Fighting the Good Fight: The Benefits of Conflict

Watch any movie or TV show or read any book and you’ll know that the active ingredient to any story is the conflict. Conflict is what tests the hero.

What happens if the heroes avoid conflict at all costs? Well, in most cases, their world usually falls down all around them, and either they are forced into the conflict, becoming heroes, or the story ends very, very badly.

This isn’t just true of good entertainment; our lives are built around conflicts, big and small. There has been research on the benefits of conflict for decades, not only psychologically but also socially and professionally. Conflict contributes to social change. In a large group, conflict can help find the best resolutions, keeping the group from making a hasty or reckless decision.

Most importantly, close relationships can’t be sustained without a little conflict. When two people come into each other’s lives, there’s bound to be a bumping up of ideas and desires. Partners in strong relationships won’t always agree, but they will have a constructive process for resolving differences. Conflict helps a couple to work through the issues, and more importantly, it can teach people a lot about themselves and others in the process.

So what are the best ways to handle conflict?

Don’t be the wrecking ball or the doormat.

The two ends of the spectrum—people who are addicted to conflict and those who are allergic to it. Someone who is conflict-negative avoids conflict at all costs, or if faced with conflict, will handle it destructively. Conflict-negative people are prone to withdrawing, out of fear of rejection or shaming, and will conceal their true feelings to avoid a conflict. Shutting down might seem easier than risking a potential conflict, sometimes at the expense of clinging to a lie or deception rather than being authentic. Avoiding conflict in this way will often make it difficult for others to trust them. None of this leads to improved wellbeing.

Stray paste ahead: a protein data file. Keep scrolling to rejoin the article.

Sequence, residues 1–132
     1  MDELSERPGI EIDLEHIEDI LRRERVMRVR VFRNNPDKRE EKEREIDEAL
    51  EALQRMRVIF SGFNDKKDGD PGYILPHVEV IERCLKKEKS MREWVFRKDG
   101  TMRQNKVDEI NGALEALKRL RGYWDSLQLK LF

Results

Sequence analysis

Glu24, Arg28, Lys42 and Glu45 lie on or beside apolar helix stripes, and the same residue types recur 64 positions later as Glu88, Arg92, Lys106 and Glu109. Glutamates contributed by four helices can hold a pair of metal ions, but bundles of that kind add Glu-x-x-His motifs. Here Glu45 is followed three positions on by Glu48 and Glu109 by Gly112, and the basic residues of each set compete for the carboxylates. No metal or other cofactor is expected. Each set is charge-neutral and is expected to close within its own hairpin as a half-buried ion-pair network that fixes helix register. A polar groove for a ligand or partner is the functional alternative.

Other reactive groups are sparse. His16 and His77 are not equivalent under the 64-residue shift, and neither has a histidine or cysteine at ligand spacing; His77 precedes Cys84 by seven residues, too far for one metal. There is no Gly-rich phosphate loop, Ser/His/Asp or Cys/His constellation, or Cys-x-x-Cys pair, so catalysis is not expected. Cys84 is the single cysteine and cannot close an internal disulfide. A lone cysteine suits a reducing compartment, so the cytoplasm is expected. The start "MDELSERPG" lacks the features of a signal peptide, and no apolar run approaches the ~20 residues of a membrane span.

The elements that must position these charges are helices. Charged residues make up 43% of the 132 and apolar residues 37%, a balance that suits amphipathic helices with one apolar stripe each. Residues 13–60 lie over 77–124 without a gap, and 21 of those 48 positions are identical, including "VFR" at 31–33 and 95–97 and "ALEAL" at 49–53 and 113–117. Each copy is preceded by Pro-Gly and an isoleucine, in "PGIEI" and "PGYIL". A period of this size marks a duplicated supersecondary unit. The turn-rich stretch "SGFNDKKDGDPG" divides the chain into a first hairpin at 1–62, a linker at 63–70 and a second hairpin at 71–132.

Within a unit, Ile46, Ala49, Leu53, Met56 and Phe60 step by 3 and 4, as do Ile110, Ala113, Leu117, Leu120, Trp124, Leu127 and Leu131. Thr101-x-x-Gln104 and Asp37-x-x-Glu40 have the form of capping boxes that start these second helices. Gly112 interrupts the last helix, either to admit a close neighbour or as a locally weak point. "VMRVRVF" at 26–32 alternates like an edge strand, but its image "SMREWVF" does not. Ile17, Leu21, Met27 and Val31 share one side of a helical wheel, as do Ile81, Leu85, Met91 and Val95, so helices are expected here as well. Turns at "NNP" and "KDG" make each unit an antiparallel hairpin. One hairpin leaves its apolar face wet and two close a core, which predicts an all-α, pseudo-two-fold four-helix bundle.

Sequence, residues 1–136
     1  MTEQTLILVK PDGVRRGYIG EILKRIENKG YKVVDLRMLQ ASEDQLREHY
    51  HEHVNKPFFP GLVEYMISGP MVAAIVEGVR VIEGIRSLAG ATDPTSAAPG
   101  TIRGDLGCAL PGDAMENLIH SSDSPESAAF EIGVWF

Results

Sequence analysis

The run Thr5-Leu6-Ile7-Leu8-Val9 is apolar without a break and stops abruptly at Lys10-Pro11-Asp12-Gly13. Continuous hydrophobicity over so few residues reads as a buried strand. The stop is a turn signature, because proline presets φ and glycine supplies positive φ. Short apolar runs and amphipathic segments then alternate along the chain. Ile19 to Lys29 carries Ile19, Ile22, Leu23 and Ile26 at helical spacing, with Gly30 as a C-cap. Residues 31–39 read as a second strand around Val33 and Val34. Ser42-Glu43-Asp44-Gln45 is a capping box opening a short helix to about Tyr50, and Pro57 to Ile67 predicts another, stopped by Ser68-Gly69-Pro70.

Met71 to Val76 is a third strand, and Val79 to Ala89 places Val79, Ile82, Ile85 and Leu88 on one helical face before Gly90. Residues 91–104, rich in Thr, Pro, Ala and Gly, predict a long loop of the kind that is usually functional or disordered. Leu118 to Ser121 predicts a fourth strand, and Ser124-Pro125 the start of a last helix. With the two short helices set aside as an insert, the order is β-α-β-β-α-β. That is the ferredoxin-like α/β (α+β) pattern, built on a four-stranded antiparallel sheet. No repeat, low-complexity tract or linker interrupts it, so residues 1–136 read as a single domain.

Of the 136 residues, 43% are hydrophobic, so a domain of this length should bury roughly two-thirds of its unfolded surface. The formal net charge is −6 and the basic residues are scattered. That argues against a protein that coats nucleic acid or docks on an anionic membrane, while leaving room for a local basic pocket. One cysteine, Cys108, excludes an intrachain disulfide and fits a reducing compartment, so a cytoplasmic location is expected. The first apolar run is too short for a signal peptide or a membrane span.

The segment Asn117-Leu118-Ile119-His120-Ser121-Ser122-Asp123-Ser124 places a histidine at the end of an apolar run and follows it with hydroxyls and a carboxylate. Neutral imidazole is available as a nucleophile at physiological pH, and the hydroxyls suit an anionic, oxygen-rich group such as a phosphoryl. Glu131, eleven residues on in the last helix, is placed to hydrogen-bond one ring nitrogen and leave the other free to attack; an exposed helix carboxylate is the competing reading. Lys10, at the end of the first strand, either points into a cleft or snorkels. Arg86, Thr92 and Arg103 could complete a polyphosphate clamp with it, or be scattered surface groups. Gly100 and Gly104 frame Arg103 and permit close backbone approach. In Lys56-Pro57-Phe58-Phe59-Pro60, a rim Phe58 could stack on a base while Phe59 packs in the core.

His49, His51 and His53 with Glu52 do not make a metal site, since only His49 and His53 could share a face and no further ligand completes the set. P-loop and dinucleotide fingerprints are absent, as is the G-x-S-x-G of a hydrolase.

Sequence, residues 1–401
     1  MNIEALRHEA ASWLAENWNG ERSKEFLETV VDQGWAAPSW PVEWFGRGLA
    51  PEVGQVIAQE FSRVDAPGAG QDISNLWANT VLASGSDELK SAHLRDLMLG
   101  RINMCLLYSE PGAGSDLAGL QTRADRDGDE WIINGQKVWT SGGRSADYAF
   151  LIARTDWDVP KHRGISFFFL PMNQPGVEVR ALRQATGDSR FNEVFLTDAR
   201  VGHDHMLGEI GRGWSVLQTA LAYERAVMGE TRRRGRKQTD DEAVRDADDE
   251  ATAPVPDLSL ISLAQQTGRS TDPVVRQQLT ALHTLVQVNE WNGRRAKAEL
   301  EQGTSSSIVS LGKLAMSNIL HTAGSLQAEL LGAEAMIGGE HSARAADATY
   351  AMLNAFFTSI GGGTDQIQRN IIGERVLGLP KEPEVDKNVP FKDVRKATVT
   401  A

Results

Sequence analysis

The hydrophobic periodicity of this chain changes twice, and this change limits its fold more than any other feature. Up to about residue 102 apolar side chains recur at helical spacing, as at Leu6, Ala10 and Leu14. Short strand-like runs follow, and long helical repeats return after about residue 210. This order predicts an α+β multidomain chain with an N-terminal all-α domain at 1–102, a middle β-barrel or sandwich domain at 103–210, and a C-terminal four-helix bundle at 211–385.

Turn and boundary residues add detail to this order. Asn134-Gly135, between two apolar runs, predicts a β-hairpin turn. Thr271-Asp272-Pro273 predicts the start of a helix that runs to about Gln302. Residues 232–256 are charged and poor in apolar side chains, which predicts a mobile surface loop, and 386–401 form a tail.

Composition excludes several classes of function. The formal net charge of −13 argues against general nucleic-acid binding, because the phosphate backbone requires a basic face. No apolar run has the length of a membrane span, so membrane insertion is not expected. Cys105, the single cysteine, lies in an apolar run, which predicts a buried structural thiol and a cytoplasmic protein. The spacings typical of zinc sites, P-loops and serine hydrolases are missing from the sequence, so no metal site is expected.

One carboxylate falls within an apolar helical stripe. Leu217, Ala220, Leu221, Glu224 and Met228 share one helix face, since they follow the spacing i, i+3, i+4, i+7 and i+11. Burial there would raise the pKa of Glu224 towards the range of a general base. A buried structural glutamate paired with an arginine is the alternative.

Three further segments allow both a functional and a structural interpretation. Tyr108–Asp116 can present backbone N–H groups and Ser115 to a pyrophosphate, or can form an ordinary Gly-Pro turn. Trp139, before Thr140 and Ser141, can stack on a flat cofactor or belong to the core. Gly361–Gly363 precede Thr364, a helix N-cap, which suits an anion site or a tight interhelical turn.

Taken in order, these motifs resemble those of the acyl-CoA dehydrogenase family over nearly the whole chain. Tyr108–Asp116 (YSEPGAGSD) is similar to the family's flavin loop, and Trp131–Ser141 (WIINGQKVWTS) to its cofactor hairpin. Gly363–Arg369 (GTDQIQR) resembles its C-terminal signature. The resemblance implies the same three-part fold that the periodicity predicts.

However, someone who is conflict-positive might encourage conflict with others in order to reach a constructive means of maximizing the potential of a situation. This is different from a person who takes conflict too far, to the point of aggression—a conflict addict.

A conflict-positive person seeks to resolve the conflict constructively so that everyone involved can benefit from the resolution and that the relationship is strengthened as a result.

Aggressive, Passive-Aggressive, or Assertive?

Some people thrive on an aggressive form of conflict because it makes them feel powerful or more alive, or that backing down is a form of losing, even if they are wrong. But that’s not what it means to embrace conflict in a healthy way.

Have you ever suppressed feelings only to make underhanded comments that border on hostile? This is being passive-aggressive, which can happen when anger or resentment builds up in a conflict-negative person, and it’s a type of emotional manipulation.

Being assertive doesn’t mean being aggressive. But it takes courage to stand up for yourself or ideas, to be authentic, even if conflict may ensue. If being assertive is new to you, keep these points in mind:

  • Be honest. It doesn’t help to lie and manipulate, especially since the goal should be agreement and cohesion. Lying will only break trust, if not now, then further down the line. And the conflict gives you the chance to put your ideas and your needs out into the open. Especially in a relationship, being able to assert your wants and needs helps to keep your authenticity—and individuality.
  • Listen. Don’t try to bully people into your way of thinking.
  • Be flexible. Conflict is a great teacher of flexibility. When you really listen to other people’s ideas, you may find that your own ideas can be shaped by someone else’s input.
  • Practice emotional control. Try to keep the conflict about the issues rather than about the other person or group. Stay away from personal attacks and try to keep from taking the conflict personally in turn.
  • Be understanding. Conflict shouldn’t be about winning—it should be arriving at something better. In romantic relationships, you are building a new life out of two separate lives. Remember that open communication leads to understanding, especially since you aren’t likely to agree on everything.

Finding it hard to balance conflict and aggression? Or maybe you find yourself shutting down at the first sign of any conflict? Individual counseling may illuminate harmful patterns and help you deal with conflict in a positive way.

Erika Kao, PhD may be reached 858-472-8959 or visit drerikakao.com. CA Licensed Psychologist 20112

Disclaimer: In no manner does this column serve to diagnose or treat readers with any psychological disorders or imply a client-provider relationship between Dr. Kao and any reader. No such relationship exists until a client-provider agreement has been signed by client and provider.

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